Tax breaks can be taxing

By Rob Carter on December 19th, 2011

Just over a year ago, HMRC introduced a National Insurance holiday for new businesses, worth £5,000, covering each of their first ten employees.

In the first year of employment, each qualifying business can legitimately not pay the first £5,000 of Employer National Insurance Contributions for each staff member. Sounds brilliant, doesn’t it? Five grand off the wage bill for each of the first ten staff. Fifty grand. Free money.

Inevitably, there was a catch. See that little word, “qualifying”? An inoffensive word on its own, but one that drenches every piece of “Guidance” that Her Majesty’s finest release. “Qualifying”, for our purposes, defines the diameter and height of hoop through which you will be required to backflip. And whether or not the hoop will be on fire.

But let’s pick carefully through the Guidance with an open mind. Point One reminds us that there is a “limit of £5,000 per qualifying employee”. Point Two reminds us that this can only apply “to a maximum of ten employees”, subject to some further restrictions.

Point Three tells us that the “period in which your business can hire its ten employees [is] subject to a maximum of 12 months from the date your business started trading or hired its first employee – whichever is earlier”, with Point Four reminding us that the “holiday period for each qualifying employee [is] subject to a maximum of 12 months after they became employed by you”. Well, you have to have limits, we understand.

But let’s put some numbers to this. Relief of £5,000 per employee is £5,000 and you can’t get cross about that. Except, it isn’t: this tax break applies only to Employer National Insurance Contributions, rather than the National Insurance that the employee himself pays. This year, the rate of Employer NIC is 13.8 per cent of the salary paid, above the first £110 per week.

You’re ahead of me, aren’t you? The salary you would need to be paying your first ten staff members in order to get your full £50,000 qualification would be a minimum of just under £42,000 per annum. Each. And you’d have hired all ten within the first 12 months of trade.

There’s one final piece to this story about tax. You’ll have read recently that a certain area of London is responsible for single-handedly solving the economic crisis. And while I won’t be naming the postcode, nor any of the, ahem, questionable figures backing up the area’s success, you’d guess that this piece of legislation, pertinent to start-ups, might at least be partially responsible?

Mystifyingly, this is not the case. London and the South East are the only regions of the UK excluded from this holiday. The costs of including (for the sake of argument) 600 businesses would have been a theoretical maximum of £30m – peanuts, by Revenue standards – and realistically a lot less. You can’t help but feel that by excluding the obvious hotspot, the Government has also missed out on some bragging rights that would have made recent credit-taking more palatable. But no.

Is anyone not doing daily deals?

Group buying, daily deals, one-day sales… this beast has many names and is showing no signs of disappearing. The business model is simple: find a discount on teeth whitening, hair cuts, 4×4 driving, Korean electronics or anything you can think of and email it to every address in your database. Track the uptake of the deal and share some of the proceeds with the person supplying it. Sounds simple, and indeed it is. Its genius is in that low barrier to entry that has led so many people to drop whatever they were doing over the past two years and set up a Groupon clone.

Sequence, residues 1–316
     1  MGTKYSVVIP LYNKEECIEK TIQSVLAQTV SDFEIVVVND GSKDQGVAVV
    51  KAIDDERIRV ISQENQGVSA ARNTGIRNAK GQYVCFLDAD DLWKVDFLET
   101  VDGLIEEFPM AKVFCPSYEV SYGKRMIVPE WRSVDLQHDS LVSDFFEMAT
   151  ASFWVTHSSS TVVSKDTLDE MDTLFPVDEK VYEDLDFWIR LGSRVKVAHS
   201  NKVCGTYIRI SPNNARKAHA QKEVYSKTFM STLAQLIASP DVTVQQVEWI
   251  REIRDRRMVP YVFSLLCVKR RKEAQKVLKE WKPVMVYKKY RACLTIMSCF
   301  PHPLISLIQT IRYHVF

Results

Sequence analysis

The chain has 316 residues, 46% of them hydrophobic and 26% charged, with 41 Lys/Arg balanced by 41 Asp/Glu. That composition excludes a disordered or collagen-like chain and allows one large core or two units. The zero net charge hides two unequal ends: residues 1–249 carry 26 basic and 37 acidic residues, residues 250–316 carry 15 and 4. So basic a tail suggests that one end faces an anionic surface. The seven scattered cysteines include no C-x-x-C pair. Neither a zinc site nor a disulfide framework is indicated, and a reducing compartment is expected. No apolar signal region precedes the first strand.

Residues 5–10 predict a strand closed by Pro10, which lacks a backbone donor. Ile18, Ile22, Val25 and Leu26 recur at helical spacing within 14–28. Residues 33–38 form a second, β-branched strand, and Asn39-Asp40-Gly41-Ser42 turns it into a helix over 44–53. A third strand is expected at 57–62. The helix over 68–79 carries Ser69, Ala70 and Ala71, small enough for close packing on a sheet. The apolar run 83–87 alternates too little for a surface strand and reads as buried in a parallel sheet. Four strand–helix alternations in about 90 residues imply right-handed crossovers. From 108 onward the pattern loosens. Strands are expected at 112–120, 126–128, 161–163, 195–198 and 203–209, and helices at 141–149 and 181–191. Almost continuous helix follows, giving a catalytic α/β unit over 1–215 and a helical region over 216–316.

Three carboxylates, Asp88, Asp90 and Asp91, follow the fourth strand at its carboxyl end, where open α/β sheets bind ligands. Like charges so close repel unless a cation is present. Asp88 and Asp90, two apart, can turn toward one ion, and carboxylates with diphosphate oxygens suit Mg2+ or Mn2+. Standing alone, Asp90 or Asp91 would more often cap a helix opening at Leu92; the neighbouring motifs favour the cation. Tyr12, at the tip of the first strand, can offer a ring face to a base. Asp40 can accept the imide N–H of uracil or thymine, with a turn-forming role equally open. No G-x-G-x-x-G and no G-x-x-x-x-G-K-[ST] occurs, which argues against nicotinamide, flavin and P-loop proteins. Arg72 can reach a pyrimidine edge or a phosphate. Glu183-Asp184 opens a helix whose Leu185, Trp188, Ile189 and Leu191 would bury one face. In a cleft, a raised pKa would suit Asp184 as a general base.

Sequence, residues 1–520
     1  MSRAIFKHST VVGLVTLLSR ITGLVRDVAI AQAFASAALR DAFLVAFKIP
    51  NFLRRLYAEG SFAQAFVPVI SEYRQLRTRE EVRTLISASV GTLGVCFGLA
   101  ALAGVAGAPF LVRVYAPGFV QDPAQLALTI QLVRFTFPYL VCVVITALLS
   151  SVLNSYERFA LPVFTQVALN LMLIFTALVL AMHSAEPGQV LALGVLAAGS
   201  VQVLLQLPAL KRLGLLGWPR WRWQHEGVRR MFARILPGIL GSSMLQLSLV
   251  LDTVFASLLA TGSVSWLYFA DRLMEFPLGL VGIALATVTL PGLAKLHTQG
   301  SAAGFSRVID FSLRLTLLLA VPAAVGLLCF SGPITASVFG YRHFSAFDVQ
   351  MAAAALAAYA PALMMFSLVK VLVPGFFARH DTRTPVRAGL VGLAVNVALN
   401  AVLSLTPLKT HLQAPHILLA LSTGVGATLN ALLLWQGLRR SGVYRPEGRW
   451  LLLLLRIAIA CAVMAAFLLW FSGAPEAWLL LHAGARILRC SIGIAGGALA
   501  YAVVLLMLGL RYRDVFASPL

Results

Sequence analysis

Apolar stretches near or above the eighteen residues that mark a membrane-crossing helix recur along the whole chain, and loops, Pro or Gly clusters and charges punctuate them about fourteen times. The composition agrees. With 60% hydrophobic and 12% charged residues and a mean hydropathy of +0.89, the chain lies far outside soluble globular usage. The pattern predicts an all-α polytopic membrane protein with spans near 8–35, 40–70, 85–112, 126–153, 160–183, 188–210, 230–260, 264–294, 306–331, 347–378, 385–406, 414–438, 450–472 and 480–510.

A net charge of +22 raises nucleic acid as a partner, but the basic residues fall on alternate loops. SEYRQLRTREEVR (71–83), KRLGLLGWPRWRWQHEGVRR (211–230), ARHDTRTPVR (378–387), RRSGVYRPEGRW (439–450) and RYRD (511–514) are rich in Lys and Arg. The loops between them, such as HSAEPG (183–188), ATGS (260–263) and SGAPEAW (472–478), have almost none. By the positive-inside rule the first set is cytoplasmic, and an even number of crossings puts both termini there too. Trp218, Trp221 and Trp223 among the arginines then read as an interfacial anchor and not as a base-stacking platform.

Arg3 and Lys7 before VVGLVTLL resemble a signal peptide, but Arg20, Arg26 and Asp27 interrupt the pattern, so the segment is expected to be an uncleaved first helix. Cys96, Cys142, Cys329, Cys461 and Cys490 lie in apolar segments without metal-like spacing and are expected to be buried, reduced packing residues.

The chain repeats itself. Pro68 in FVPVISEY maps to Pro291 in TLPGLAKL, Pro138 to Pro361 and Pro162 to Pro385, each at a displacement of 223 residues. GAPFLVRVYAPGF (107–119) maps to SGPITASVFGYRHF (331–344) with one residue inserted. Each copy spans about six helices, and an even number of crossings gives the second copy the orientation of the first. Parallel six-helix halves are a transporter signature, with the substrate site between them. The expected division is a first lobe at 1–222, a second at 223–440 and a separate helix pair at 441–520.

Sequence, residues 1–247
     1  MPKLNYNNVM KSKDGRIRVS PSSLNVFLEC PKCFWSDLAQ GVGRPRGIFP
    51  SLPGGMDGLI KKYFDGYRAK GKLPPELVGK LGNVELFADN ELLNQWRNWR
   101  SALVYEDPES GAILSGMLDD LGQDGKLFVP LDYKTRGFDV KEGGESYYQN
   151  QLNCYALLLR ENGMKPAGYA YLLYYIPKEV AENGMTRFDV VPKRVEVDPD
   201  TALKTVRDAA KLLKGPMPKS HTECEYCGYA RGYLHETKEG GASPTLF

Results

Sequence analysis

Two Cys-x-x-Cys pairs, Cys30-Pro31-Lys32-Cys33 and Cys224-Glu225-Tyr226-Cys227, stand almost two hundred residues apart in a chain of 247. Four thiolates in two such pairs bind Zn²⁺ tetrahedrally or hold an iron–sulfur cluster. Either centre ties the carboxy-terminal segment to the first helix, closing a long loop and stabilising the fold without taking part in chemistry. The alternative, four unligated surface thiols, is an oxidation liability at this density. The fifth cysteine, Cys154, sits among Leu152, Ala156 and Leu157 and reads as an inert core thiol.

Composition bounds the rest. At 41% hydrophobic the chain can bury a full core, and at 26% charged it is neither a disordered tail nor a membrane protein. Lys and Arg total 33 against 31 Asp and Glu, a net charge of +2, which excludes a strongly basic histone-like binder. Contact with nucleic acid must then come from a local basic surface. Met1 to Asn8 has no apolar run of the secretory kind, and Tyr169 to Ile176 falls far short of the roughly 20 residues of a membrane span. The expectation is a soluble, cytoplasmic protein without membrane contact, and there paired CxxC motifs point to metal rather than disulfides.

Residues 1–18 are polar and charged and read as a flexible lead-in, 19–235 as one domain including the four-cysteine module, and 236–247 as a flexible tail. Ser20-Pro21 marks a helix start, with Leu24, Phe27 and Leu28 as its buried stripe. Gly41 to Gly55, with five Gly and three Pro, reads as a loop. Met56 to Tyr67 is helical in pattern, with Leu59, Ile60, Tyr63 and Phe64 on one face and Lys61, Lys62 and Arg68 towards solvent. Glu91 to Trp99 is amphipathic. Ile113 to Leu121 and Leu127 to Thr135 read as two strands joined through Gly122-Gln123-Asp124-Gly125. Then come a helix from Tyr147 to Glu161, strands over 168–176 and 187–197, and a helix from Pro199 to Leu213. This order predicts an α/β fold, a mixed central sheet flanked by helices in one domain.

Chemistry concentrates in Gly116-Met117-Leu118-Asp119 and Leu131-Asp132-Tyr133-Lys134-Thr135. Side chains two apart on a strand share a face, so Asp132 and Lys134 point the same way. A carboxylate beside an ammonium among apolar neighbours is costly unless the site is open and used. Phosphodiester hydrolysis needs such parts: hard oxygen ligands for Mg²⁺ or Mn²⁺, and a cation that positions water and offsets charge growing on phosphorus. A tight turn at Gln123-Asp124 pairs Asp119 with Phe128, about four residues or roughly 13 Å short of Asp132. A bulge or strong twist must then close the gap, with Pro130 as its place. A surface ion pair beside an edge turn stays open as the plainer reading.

While we are seeing some consolidation in this highly fragmented market, something else is rearing its head: a pattern of established tech giants doing their own versions. Google, Facebook, Bing, Gumtree and Amazon have all started something in the deal space, although Facebook has now apparently ended their trial, perhaps not to come back. And big newspapers are wading in by the forest-load.

There is a missing major player from the above: Apple. Apple has continued to sell apps, songs, movies and pretty boxes, completely unfazed by the daily deal tsunami. Apple has concentrated on what it does well and continued to get bigger and more valuable. “Siri, what should all the other major players be doing now?”

“Well, Rob. I would like to see the big boys have a sit down and a think about brilliantly original new ways of making money. Like they used to.”

The Kindle Fire, a two-and-a-half trick pony

I’m lucky enough to have had some one-on-one time with the new Kindle Fire, Amazon’s answer to the iPad. And here are some of the things that occurred to me as I played with it. I didn’t think to type, to see how it coped with email or browsing. I wanted only to see books, music and video.

At $199 (and, if it makes it to the UK, under £200) the Fire has done something clever: it won’t need to beat the iPad. For multimedia absorption, it’s great. The e-ink Kindle did one thing particularly brilliantly: books. If the Fire can do songs and movies well, with a bit of casual gaming and books thrown in, then it will never leave my sofa. Assuming there’s a nice dock in the pipeline.

Enterprising uses of capital funds

I notice Luluvise has been getting some heat for its approach to male visitors. I sympathise with the critics. But what I find even more interesting is the marriage of Luluvise Inc., a US company, and Passion Capital, a UK Enterprise Capital Fund.

Whether the hurdles – ensuring that all UK public money has been correctly invested in the correct regions – have been overcome or not, and I am no expert in the finer details of government divestment, I am undecided as to whether “importing” this business satisfies the spirit of what the money was endowed to do. Shouldn’t it be reserved for UK businesses?